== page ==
Why are needles pushed in so far in movies?
If the needle had actually penetrated the skin, the skin wouldn't have the depression shown in the question's photo.
It's a prop with a spring inside that provides enough force to depress the skin while allowing the needle to retract into the syringe.
There are two common kinds of injections:
Based on a lot of pictures from the movies, the scarves don't have an emblem.
Additionally there are two versions of the scarves (but both without emblem).
PURE SPECULATION AHEAD:
I guess the emblem was added on the merchandise for the not so hardcore fans so they can better distinguish the scarves. Another possibility why the emblems were added is the ...
Because people don't go to movies to watch real-life subtlety. We have real life to watch for that (unfortunately).
Movies are all about blowing subtlety out the door, off of buildings, over cliffs, into CIA mainframes, through time, and across galaxies far, far away, ...and farther.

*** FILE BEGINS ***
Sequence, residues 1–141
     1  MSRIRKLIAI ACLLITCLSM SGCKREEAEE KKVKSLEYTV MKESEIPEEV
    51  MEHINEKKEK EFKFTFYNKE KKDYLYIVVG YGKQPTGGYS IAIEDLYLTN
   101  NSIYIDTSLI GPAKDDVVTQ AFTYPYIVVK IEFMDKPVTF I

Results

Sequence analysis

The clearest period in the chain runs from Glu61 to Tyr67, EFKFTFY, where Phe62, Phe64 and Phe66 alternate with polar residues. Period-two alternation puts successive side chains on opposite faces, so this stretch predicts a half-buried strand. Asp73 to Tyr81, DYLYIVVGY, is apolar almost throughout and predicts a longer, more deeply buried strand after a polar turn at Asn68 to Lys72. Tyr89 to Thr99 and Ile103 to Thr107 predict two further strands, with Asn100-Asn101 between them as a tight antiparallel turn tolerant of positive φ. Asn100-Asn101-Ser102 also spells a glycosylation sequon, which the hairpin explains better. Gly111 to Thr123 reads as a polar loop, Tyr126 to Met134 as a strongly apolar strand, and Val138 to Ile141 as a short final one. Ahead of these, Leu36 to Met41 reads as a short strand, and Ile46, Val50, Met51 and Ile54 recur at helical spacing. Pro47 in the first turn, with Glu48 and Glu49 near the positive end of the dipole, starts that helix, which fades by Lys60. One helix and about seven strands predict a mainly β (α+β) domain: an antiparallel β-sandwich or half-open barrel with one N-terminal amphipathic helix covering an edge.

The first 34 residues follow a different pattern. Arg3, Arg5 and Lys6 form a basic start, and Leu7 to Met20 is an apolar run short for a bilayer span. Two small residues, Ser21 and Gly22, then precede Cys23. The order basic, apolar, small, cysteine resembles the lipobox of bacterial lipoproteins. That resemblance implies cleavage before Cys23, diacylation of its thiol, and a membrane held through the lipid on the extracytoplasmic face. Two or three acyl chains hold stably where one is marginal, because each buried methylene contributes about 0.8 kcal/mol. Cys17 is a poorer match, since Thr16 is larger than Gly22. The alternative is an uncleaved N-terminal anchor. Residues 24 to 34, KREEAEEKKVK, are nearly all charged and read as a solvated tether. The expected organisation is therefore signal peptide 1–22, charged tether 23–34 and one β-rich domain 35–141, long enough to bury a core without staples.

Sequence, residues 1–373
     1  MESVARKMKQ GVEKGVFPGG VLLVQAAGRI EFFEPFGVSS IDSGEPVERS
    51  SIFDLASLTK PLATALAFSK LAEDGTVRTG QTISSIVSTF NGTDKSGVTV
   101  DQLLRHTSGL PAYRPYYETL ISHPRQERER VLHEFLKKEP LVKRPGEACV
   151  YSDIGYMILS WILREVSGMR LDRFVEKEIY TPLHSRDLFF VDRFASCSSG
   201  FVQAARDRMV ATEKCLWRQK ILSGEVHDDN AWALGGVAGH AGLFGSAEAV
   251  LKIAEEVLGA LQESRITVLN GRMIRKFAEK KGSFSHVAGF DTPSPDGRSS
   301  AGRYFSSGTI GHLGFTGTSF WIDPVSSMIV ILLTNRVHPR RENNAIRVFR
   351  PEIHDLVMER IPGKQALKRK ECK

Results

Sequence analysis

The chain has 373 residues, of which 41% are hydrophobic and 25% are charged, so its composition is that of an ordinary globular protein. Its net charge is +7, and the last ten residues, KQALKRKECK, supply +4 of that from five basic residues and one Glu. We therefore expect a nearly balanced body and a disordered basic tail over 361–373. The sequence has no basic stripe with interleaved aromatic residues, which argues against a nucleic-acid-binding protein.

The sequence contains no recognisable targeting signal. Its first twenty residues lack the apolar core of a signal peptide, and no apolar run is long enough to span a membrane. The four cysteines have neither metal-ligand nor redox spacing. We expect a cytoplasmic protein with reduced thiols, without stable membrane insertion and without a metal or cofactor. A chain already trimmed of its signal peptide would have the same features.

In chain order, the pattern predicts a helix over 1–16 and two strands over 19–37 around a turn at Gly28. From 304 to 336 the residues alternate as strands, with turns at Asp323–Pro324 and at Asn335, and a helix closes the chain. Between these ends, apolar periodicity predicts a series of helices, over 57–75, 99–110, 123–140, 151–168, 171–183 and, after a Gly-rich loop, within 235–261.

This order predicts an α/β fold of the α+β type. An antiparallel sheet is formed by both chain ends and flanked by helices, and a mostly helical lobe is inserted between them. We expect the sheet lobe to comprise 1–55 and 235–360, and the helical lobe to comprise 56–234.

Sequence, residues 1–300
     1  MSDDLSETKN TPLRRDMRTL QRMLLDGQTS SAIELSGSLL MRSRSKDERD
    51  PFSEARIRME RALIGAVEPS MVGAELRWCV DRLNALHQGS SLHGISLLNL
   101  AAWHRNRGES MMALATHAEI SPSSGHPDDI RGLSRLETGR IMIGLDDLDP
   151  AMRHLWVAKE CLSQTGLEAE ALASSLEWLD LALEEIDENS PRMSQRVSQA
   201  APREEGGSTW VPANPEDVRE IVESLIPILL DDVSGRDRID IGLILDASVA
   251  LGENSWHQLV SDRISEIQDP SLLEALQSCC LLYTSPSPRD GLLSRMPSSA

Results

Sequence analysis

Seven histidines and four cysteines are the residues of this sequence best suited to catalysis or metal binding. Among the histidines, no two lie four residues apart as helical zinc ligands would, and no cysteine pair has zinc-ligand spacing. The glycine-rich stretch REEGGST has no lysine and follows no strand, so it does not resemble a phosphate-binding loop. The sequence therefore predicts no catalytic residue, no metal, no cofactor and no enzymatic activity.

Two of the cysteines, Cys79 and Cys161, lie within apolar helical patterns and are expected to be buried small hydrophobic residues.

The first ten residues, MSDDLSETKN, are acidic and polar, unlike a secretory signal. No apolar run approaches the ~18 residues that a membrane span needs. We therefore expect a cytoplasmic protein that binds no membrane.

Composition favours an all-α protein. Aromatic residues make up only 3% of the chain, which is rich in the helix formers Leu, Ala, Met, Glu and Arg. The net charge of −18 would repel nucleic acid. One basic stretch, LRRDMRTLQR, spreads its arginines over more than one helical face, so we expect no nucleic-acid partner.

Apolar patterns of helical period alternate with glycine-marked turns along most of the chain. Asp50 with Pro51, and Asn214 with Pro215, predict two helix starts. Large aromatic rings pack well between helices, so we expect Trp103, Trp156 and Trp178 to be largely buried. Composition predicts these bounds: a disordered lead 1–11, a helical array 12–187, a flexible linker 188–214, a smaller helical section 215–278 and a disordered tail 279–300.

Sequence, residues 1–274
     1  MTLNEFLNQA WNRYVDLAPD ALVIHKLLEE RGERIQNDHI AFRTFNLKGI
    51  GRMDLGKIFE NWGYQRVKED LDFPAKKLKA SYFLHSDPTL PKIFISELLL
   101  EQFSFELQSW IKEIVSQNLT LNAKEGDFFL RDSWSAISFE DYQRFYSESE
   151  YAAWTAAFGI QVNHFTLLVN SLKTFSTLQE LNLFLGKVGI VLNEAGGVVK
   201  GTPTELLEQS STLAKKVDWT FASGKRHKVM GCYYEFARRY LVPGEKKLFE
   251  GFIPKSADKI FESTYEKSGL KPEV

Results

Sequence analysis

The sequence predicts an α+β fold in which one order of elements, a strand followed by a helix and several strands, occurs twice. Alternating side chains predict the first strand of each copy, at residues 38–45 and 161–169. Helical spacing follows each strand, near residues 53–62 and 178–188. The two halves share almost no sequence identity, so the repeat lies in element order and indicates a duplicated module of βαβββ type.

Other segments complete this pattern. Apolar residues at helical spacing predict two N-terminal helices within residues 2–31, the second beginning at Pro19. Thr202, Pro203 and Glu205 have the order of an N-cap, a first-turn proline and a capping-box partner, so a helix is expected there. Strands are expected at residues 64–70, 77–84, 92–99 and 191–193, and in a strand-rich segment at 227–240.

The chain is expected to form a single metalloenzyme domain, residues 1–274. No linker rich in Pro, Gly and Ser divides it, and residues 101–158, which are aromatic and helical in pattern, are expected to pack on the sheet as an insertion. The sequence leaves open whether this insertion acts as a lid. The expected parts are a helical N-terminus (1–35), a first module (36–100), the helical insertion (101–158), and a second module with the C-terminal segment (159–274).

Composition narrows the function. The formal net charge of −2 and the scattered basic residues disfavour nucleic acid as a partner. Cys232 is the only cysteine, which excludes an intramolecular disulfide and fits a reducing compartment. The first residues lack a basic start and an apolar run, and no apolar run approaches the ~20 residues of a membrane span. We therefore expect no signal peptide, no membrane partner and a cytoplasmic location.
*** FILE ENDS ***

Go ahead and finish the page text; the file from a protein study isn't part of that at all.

I don't think anyone was complaining about the medically inaccurate, non-...
This is pure speculation, but I can think of two reasons.
Actors aren't medical professionals, and neither are most of the staff on a movie. Most people working on a movie probably haven't handled needles much in their personal lives.
They're prop syringes, where the "needle" is blunt and pushes into the syringe. If they don't go into the skin deep enough,...
I can't find any reason given so far, but we can speculate.
There are lots of reasons why actors opt to not wear contact lenses when playing a character (either from real life or a book).
For example, it is well know that Daniel Radcliff couldn't stay true to the Harry Potter books with his green eyes as he had a bad reaction to contact lenses. The ...